Mystery Solved: Air Handler vs Furnace (Residential)

The video above, by Genteq Motors, gives a very good overview of how your average residential furnace works. For those of us, however, who has no life and would like to know more we will go into a little more detail in this article covering the history of heating homes to the difference between gas and electric.

Air Handler / Furnace
When you have electric heat it is called an air handler. When you have a gas heater it’s called a furnace. Up north you may have an oil burner, but that is also called a furnace. What they all have in common is a fan that circulates air in the house.

Want to learn more about Laponica Refrigeration? Visit us on our webpage by clicking on this photo. Link will open in a new tab.

Want to learn more about Laponica Refrigeration? Visit us on our webpage by clicking on this photo. Link will open in a new tab.

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A/C Terminology

Introduction
For those of us who needs a little more help with the air conditioners jargon – Laponica has compiled a list and explanation of some of the most common terms. Some terms get a little technical, so we will discuss those in greater detail at a later time. For now we have tried to make things as simple as possible.

In this article we will be covering the terms: air handler, furnace, coil, compressor, condenser, evaporator, expansion valve, refrigerant, and SEER rating.

Excited? You should be…

Air Handler / Furnace
When you have electric heat it is called an air handler. When you have a gas heater it’s called a furnace. Up north you may have an oil burner, but that is also called a furnace. What they all have in common is a fan that circulates air in the house.

Coil
A coil is a heat exchanger. Think of it as the radiator in your car. The radiator is also a coil only with a different name because it’s in your car 🙂

Compressor 
The compressor is a pump. Think of the air compressor you use to fill air in your tires or a high pressure washer. An HVAC compressor is made to pump freon. It may perhaps have a few more fancy attachments to it, but it’s still a pump. When you pump liquids it’s called a pump and when you pump gasses it’s called a compressor.

Condenser
The condenser is where the compressor sits in the outside unit. Later on we will discuss in more detail what a condenser does besides house the compressor. It gets a little more technical.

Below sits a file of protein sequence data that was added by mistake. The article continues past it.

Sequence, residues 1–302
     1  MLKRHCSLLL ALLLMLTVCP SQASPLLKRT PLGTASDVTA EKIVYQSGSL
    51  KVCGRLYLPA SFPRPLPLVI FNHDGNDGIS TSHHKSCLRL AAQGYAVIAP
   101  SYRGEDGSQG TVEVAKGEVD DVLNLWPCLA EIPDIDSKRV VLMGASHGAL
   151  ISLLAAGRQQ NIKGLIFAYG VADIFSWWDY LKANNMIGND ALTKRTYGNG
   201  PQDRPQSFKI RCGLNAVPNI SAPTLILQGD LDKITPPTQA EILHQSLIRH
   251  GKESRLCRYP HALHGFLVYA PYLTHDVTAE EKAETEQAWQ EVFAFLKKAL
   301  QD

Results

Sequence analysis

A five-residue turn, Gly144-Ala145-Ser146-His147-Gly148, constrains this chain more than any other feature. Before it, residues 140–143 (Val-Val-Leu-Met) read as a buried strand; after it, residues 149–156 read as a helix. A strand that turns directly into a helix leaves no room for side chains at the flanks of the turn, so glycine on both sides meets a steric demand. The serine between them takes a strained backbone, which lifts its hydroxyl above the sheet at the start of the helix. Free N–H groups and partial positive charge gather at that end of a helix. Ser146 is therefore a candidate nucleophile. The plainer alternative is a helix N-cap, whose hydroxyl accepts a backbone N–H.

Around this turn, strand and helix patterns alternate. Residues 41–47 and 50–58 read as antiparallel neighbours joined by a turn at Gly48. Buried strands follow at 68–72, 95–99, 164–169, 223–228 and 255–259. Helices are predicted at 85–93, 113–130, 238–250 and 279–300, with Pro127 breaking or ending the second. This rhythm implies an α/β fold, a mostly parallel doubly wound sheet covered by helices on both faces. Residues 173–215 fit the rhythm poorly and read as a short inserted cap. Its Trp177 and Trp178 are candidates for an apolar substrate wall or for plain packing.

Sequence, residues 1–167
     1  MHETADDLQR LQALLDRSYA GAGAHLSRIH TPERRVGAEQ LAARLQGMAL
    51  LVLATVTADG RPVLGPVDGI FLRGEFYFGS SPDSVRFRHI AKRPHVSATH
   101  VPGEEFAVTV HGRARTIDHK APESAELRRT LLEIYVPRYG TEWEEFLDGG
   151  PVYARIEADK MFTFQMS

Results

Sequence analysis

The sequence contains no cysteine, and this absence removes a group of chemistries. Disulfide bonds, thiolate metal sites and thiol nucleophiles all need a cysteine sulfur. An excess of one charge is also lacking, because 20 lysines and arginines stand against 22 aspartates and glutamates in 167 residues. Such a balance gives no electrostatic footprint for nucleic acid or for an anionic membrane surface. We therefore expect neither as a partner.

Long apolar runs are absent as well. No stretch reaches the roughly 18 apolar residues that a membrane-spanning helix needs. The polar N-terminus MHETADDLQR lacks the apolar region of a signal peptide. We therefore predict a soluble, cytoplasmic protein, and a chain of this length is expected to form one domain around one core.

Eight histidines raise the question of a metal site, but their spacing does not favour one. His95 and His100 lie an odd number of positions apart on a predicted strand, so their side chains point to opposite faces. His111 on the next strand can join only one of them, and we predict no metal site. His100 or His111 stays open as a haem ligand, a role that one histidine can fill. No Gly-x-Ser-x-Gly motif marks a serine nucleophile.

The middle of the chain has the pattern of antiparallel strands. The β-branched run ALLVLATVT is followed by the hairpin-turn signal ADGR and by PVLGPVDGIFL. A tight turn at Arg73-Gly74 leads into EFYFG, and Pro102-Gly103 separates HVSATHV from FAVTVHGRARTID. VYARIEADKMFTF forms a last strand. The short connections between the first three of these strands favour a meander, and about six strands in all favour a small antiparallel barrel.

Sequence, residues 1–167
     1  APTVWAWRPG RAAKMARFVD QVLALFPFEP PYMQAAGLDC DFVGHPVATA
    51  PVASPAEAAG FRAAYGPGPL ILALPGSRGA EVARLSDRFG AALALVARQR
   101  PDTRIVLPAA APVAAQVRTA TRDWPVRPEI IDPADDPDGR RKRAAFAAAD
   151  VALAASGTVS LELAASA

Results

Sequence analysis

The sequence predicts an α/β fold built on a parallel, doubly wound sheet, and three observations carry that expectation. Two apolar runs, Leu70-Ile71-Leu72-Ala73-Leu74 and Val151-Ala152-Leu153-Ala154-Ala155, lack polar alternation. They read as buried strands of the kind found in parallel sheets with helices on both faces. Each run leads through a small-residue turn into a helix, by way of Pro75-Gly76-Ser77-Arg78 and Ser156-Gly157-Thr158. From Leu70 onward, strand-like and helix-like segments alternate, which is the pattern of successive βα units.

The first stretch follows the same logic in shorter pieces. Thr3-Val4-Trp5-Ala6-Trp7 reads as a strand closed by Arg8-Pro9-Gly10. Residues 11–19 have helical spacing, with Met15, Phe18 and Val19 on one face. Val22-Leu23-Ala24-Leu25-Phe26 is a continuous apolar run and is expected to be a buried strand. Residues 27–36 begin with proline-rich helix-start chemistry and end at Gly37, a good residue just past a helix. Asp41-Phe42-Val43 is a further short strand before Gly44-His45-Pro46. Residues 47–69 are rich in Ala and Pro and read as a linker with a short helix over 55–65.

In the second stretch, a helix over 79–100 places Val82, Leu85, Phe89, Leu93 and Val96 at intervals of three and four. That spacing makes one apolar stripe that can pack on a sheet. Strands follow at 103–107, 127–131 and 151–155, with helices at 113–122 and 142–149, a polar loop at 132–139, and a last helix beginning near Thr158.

Evaporator
Your evaporator sits inside with either an air handler or a furnace. This piece will also be discussed in more detail at later time.

Expansion valve
The expansion valve is a metering device. The compressor pumps freon to the expansion valve under high pressure. In the expansion valve pressure is released causing the temperature in the freon to drop several degrees.

Refrigerant
Refrigerant is simply a chemical used in cooling systems for mechanical devices such as the air conditioner in your home or car, refrigerators, or walk-in cooler and freezers.  Simply said: the stuff you put in your a/c to make it cold. The first types of air conditioners used toxic and flammable gases, such as ammonia, methyl chloride, or propane. Most have understandably been taken off the market due to their health and environmental risks, but some are making a come back such as ammonia. Larger refrigeration systems such as ones used in warehouses may use ammonia.

The portion of the Clean Air Act that applies to the Heating, Ventilating and Air Conditioning (HVAC) industry encourages the development of ozone-friendly substitutes for chemicals that contain ozone destroying chlorine, which are called hydrochlorofluorocarbons (HCFCs). The chemical refrigerant of choice for more than four decades, referred to as R-22, is in the HCFC category. R-22 is widely used in heat pumps and AC condensing units to heat and cool homes. Today, a refrigerant called R-410A is used because of its ozone-friendly properties.

SEER rating (more detail)
SEER stands for Seasonal Energy Efficiency Rating and is basically a number describing where an a/c unit falls on the efficiency scale – how much energy an air conditioner unit requires to cool your home. The easiest way to think of this is comparing it to how many miles per gallon a specific car is capable of handling. You might consider buying a Prius instead of a Hummer if gas prices is an issue. The same goes for a/c units – you would buy a unit with a higher SEER rating if you want a lower energy bill.

Concerning residential air conditioners, as of January 26th 2006, new units produces today by law must have a SEER rating equal to or greater than 13. Homeowners are not required to upgrade to a higher efficiency model, but with an average lifespan of about 15 to 20 years low efficiency units (depending on ones definition) will eventually go away completely.